The History of Black Barbies: From Playthings to Liberation

1979 Shindana catalog, The Strong, Rochester, New York.

On my first visit to The Strong National Museum of Play in February 2016, I came as a Strong Research Fellow. Then, I was on a search for any information about Mattel and its history with Black Barbie dolls. I wondered how and why Mattel created Black Barbies, who was involved in their production, and how those designs were then marketed in ads and magazines. Fantastically, I came across the story of the Shindana Toy Company and was able to locate some materials at The Strong that would help me complete my dissertation and graduate from Purdue University with my PhD the following spring. However, I knew there was much more to be known about Shindana Toy Company, Mattel, and the Black dolls that were celebrated by the few doll collectors and friends I talked to about my research.

Career Girl Wanda, Shindana Toys, 1972, The Strong, Rochester, New York

Now as a professor of Women’s Studies and a much more established researcher, I returned to The Strong with a renewed commitment to piecing together stories about Black dolls, their designers, and Mattel’s history with dolls. On this trip, I was pleasantly surprised that The Strong had acquired more Barbies, such as Soul Train Nichelle (of the Shani doll line, released in 1993), as well as some of Shindana’s dolls such as Wanda Career Girl (featured as a ballerina, a surgeon, and a stewardess in 1978). Additionally, I spent some time with the robust Playthings trade magazine collection held at The Strong and learned about other manufacturers, like REMCO, Olmec, and Fisher-Price, that also produced Black dolls as a response to the call for more diversity in doll play in the 70s, 80s, and 90s. This rise in Black (as well as “Hispanic” and “Asian”) dolls during this time reflected similar changes happening not just in doll manufacturing and child play, but in many industries.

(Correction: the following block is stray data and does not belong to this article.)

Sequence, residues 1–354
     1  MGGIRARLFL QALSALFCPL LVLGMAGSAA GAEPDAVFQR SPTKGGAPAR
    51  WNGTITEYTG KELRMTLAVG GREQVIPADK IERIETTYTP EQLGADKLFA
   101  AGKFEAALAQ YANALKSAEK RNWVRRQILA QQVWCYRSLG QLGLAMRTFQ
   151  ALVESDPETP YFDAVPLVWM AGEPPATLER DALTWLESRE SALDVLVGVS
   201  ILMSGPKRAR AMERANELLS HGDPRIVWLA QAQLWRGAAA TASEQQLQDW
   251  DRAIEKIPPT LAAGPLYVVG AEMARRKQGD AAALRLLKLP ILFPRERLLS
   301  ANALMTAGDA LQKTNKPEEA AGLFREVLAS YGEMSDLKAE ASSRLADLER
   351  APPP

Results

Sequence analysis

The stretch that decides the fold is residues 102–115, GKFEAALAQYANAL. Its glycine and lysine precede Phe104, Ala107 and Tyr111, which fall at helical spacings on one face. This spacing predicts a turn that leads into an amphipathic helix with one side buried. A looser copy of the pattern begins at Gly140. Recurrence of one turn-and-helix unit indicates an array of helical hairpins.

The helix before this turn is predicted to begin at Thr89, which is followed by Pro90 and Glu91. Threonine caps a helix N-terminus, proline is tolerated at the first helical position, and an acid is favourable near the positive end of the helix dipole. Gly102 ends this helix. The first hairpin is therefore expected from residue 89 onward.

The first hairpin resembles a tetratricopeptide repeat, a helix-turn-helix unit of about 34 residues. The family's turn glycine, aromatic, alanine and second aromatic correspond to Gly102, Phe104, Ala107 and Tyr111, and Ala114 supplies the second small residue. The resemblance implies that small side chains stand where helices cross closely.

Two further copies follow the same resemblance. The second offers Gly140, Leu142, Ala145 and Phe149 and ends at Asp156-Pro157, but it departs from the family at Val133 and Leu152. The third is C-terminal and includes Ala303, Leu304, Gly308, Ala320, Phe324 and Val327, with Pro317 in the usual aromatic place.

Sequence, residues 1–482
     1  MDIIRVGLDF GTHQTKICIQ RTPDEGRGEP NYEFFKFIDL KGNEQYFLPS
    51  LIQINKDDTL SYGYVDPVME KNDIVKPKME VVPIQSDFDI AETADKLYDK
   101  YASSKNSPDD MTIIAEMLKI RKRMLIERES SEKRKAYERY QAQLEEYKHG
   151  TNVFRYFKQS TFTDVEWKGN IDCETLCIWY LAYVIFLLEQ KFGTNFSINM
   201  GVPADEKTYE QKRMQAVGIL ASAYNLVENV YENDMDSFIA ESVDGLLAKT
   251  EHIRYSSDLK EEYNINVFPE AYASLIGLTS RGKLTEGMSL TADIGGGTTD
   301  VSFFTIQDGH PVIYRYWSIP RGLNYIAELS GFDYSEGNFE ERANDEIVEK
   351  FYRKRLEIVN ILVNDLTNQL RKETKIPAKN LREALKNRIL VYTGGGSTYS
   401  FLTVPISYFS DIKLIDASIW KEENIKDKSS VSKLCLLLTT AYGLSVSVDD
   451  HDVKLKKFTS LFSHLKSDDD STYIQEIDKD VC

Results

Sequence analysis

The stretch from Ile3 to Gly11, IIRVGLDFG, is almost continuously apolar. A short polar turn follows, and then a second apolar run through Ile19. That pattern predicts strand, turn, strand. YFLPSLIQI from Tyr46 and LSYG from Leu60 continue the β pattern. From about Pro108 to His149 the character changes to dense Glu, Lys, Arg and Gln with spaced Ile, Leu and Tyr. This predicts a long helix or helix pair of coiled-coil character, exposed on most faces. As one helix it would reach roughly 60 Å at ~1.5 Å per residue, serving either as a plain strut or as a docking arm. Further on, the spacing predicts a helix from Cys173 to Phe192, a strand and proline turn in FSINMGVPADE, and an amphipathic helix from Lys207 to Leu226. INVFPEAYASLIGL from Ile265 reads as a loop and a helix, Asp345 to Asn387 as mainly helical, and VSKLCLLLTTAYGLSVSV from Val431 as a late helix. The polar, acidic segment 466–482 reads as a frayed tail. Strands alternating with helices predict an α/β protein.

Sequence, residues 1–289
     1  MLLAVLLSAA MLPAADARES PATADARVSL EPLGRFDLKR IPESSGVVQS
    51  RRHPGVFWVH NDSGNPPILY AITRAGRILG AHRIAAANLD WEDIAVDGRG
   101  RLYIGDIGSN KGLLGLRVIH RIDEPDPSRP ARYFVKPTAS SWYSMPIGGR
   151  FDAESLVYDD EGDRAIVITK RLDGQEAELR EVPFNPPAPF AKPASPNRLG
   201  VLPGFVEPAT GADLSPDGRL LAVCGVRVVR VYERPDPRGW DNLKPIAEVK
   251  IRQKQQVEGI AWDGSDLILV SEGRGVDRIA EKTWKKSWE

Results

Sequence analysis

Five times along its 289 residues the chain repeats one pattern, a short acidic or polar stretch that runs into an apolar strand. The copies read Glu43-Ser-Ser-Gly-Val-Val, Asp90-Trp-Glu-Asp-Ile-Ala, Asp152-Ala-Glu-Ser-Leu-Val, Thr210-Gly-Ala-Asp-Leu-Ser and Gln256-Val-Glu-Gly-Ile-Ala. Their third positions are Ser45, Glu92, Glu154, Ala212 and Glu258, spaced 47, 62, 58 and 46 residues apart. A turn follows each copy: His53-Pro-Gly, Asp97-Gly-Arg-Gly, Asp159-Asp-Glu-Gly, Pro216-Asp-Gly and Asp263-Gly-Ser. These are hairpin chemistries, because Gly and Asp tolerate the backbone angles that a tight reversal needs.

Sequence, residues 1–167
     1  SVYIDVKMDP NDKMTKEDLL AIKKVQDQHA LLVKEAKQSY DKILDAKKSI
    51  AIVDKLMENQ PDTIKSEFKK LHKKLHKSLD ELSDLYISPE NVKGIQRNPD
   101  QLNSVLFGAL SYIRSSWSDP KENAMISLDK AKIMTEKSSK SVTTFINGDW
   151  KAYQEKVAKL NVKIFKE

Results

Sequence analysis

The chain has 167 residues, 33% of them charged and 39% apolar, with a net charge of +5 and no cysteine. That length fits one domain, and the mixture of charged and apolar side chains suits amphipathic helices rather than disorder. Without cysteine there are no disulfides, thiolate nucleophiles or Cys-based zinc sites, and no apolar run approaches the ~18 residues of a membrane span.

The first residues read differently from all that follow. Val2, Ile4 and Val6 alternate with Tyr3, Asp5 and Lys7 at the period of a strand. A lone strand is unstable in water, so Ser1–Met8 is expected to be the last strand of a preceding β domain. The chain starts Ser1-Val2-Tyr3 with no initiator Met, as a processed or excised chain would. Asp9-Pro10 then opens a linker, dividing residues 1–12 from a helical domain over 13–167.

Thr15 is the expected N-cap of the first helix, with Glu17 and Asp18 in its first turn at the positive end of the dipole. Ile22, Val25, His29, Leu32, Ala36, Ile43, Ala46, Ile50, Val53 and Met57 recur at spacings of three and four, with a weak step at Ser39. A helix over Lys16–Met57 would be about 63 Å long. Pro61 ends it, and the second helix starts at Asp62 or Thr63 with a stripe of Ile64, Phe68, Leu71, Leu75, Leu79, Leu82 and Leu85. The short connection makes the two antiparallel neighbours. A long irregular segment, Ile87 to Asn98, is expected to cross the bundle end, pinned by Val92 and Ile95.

One organization I had not planned to find was the Barbie Liberation Organization. BLO’s file indicated how some feminists were organizing against Barbie’s prevalence in the market. Apparently, women bought, repackaged, and “reverse shoplifted” Barbies and GI Joes and switched their voice boxes. With “surgery,” the Barbie dolls became the (now) stereotypical femme fatale shouting things about vengeance and violence, while the GI Joes celebrated hugs and parties and singing. They even had hotlines for folks to call once they purchased these re-engineered dolls. While it’s not clear how successful the organization was, the Barbie Liberation Organization highlights the ways that consumers were actively shaping the type of products that Mattel, and others, created.

1996 Olmec Toys catalog, The Strong, Rochester, New York

Along with uncovering the Mattel history of Black Barbies, the Barbie Liberation Organization, and the wonderful materials I found on other Black dolls in the industry—including the 2009 Vogue Italia issue that featured Black Barbies for their Black issue—my most recent trip to The Strong proved to be above and beyond what I had planned. As before, I am inspired anew to complete the work I have done on Black Barbies and highlight the many histories that have yet to be revealed. Thanks in part to my research at The Strong, my book, tentatively titled Beyond Barbie: Nicki Minaj, Disney, and Black Women’s Cultural Production, will be available in 2022.

Article written by Aria S. Halliday, 2019 Strong Museum Research Fellow and Assistant Professor, University of New Hampshire, Durham, NH.

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